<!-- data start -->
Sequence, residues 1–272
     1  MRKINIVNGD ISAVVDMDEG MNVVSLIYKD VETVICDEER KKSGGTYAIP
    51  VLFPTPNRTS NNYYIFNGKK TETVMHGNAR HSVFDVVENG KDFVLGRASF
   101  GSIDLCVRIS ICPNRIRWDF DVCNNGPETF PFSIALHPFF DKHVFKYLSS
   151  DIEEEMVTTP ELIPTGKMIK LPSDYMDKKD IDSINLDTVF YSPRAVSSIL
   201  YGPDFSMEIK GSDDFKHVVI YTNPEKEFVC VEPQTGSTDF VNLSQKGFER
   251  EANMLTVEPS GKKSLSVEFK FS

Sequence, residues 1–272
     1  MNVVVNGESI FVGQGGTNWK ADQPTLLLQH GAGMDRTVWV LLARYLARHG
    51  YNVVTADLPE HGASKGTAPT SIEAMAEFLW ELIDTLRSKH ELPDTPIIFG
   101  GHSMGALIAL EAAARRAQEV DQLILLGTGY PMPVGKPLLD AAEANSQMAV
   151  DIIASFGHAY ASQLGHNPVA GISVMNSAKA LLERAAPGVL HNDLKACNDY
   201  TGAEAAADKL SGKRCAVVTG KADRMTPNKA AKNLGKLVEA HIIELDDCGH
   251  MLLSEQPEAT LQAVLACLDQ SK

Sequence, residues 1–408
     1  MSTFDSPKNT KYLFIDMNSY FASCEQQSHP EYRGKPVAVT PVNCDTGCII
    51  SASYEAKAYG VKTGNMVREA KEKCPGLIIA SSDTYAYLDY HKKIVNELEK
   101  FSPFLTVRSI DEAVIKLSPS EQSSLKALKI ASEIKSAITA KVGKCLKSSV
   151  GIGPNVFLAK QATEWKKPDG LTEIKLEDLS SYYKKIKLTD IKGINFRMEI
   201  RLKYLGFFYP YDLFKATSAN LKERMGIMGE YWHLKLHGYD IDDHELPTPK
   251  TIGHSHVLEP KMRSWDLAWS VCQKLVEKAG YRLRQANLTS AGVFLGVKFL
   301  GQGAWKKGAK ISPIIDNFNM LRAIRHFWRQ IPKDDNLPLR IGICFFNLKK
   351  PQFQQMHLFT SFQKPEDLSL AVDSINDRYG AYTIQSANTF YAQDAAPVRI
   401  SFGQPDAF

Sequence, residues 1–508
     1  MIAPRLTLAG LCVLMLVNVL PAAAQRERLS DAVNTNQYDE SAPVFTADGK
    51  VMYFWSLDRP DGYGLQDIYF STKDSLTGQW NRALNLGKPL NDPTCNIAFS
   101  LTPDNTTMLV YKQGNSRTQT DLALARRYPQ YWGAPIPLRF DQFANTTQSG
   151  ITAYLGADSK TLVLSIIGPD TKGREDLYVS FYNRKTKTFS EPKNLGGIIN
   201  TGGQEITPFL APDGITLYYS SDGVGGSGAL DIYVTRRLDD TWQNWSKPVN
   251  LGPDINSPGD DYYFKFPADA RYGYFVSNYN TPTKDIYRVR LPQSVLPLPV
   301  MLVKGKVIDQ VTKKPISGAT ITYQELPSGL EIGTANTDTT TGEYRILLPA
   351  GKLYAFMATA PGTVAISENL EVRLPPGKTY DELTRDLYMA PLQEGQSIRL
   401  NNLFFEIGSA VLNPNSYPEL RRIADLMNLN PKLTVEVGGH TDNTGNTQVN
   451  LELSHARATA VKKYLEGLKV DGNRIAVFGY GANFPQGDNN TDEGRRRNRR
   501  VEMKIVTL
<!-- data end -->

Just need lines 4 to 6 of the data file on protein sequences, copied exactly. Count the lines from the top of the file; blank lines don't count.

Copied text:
   101  GSIDLCVRIS ICPNRIRWDF DVCNNGPETF PFSIALHPFF DKHVFKYLSS
   151  DIEEEMVTTP ELIPTGKMIK LPSDYMDKKD IDSINLDTVF YSPRAVSSIL
   201  YGPDFSMEIK GSDDFKHVVI YTNPEKEFVC VEPQTGSTDF VNLSQKGFER